Thursday's presentations dealt with overarching topics, especially taxonomic methods and ecological applications. The highlight of the day for me was a dispatch from the front lines of freshwater gastropod conservation couriered by Steve Ahlstedt and Paul Johnson. Steve reviewed his many years of transplantation experiments with Io, and Paul reported his more recent successes with captive propagation. I used my presentation on freshwater gastropod distribution and ecology to introduce a new web resource, the Freshwater Gastropods of South Carolina.

A nice variety of freshwater gastropods, both the living and the dead, kept mute witness on the side tables during the two day event. The "show-your-shells" social Wednesday evening was a big hit - I myself learned quite a lot from the interesting assortment of specimens carted to Tuscaloosa from the four corners of this great land. Laurels are due to meeting chairman Chuck Lydeard and his hardworking young colleagues David Campbell, Stephanie Clark, Kathryn Perez and Jeffrey Sides. Well done everybody!

*P.S. Chuck Lydeard has asked me to forward to the group an explanation for his choice of the Taylor classification over the Wethington classification for the Physidae chapter of FMCS Workbook. Apparently it was easier to format the poorer classification to fit strict workbook guidelines.

---------[From Chuck Lydeard 25Mar04]-------------

As co-editor of "A Primer to Freshwater Gastropod Identification" (Perez, Clark, and Lydeard), I would like to explain our decision to opt for Taylor's (2003) classification scheme of the Physidae for the workbook. First, we chose to adopt rather strict guidelines for ALL authors to follow including a brief introduction of the family, a small table giving a few species and their conservation rank, and a general description and illustration for each genus in the family. The oral presentations were also supposed to adhere to the guidelines offered for each family account. Taylor (2003) offers the latest published account of the family. Taylor's anatomical renderings for each genus are very useful and provide an opportunity for the reader to see the entire male reproductive tract with labels. Taylor has about 40 years of experience with freshwater mollusks including physids, so he is certainly knowledgeable about the group. Of course, our use of Taylor (2003) should not be construed as an endorsement of his findings, nor should it be construed as a dismissal of Amy Wethington's dissertation findings. I was Amy's dissertation advisor, so I certainly appreciate and value what she accomplished during her time as one of my graduate students. However, I did not think all the intra-generic details she was willing to provide was necessary for the workbook and certainly would have altered our format appreciably. In closing, we are pleased with the workbook and feel it fulfills its purpose as a primer to gastropod identification reasonably well. We hope you will all look to the future for published phylogenetic studies about various freshwater families of gastropods.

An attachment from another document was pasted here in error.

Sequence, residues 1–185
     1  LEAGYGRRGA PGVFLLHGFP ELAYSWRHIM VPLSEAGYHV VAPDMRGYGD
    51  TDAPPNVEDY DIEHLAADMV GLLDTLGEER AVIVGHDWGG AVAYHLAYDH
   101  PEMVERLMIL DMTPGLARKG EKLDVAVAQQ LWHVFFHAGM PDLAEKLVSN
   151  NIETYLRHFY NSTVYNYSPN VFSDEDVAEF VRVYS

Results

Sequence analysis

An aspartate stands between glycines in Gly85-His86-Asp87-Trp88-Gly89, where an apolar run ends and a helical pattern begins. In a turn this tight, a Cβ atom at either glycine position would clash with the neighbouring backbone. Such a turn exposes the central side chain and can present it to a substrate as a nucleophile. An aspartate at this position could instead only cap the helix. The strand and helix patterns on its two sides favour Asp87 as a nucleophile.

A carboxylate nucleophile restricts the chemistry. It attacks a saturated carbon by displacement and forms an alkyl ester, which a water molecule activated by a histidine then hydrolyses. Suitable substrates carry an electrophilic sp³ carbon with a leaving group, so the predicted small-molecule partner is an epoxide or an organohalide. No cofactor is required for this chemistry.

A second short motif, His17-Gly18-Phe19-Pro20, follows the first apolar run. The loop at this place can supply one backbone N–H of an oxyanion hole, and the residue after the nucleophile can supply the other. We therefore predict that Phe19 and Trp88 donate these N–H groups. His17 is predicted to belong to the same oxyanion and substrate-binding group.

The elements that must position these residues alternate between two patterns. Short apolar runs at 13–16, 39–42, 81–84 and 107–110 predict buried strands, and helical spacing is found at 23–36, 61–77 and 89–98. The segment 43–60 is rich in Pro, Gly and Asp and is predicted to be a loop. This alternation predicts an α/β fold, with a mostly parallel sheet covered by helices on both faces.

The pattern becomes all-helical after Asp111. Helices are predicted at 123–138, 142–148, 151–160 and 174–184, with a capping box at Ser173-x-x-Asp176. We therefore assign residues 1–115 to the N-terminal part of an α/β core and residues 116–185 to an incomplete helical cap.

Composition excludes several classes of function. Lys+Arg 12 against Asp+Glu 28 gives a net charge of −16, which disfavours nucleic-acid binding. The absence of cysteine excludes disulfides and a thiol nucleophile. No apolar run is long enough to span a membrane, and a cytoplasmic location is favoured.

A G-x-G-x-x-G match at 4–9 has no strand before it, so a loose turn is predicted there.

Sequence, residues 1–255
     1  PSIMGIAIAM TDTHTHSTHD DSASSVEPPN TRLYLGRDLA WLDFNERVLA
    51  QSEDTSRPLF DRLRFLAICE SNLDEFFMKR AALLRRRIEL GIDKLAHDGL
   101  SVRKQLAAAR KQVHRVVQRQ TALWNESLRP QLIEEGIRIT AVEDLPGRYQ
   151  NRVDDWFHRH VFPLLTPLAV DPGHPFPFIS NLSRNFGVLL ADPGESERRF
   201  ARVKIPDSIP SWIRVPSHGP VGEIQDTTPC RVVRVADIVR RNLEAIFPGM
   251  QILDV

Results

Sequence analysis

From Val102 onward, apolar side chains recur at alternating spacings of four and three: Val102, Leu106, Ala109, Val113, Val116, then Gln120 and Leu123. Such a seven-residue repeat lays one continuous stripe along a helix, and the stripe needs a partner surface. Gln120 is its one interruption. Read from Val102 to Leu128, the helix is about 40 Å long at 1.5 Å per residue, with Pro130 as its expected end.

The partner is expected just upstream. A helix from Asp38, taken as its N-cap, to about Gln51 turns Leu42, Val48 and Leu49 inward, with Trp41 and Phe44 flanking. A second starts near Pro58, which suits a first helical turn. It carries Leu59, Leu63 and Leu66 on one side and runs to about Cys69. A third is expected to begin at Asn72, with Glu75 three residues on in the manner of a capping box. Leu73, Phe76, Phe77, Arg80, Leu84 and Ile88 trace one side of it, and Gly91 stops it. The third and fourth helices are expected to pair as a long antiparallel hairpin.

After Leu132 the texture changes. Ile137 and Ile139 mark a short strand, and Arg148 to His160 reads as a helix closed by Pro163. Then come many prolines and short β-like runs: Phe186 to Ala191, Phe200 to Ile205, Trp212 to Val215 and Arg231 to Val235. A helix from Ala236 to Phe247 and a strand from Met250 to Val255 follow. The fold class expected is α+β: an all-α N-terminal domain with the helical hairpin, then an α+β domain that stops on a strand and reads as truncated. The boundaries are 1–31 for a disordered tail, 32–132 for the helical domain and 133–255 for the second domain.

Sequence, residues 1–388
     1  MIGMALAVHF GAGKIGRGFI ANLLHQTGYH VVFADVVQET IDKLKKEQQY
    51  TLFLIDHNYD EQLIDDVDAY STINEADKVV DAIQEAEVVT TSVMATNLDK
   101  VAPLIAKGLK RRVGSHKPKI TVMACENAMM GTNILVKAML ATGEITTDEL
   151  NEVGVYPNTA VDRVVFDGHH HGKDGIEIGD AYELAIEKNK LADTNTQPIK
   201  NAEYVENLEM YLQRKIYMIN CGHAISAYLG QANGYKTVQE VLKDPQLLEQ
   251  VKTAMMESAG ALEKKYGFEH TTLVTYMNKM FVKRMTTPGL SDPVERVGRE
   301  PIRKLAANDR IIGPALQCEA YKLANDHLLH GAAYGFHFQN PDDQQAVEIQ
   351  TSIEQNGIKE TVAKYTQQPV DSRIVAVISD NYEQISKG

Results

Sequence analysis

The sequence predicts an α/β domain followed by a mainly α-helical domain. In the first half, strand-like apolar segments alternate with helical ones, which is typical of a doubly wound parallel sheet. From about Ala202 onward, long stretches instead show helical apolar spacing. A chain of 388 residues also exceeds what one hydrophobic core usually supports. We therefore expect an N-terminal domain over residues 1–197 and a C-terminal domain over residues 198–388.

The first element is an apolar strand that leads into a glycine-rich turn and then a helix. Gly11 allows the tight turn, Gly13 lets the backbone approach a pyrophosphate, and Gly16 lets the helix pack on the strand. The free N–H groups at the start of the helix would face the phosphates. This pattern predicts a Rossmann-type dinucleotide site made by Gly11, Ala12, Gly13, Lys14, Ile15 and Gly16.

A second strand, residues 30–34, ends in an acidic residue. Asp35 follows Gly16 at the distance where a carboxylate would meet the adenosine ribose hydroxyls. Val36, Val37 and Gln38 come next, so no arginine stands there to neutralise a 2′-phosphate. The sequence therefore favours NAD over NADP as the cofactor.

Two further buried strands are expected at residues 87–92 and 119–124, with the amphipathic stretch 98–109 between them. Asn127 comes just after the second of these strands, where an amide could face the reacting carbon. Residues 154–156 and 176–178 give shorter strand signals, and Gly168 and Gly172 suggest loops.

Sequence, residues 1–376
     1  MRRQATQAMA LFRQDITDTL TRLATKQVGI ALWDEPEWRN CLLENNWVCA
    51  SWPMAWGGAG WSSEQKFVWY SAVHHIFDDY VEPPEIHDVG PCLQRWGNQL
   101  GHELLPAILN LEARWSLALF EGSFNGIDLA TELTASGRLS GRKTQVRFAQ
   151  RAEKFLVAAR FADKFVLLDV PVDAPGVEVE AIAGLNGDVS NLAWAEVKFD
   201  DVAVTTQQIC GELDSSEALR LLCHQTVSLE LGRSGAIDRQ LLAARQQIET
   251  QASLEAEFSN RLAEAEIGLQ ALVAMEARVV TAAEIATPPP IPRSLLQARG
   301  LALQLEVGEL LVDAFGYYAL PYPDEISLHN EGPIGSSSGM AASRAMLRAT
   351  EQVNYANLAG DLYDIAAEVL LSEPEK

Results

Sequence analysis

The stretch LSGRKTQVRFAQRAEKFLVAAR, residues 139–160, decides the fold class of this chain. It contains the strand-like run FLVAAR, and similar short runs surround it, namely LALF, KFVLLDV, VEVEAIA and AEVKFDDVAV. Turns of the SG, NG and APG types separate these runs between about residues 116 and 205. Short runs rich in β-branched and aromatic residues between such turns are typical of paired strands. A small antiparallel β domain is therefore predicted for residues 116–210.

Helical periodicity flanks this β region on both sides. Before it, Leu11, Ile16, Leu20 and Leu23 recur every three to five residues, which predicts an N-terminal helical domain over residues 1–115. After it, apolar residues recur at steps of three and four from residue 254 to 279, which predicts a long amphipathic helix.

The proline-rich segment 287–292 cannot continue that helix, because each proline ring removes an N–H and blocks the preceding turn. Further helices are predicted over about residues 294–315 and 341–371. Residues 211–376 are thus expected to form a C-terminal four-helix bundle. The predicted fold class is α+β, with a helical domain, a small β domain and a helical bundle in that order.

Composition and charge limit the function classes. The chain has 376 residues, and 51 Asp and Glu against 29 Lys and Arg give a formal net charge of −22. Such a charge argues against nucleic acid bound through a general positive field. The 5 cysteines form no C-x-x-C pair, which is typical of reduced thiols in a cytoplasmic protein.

Chuck Lydeard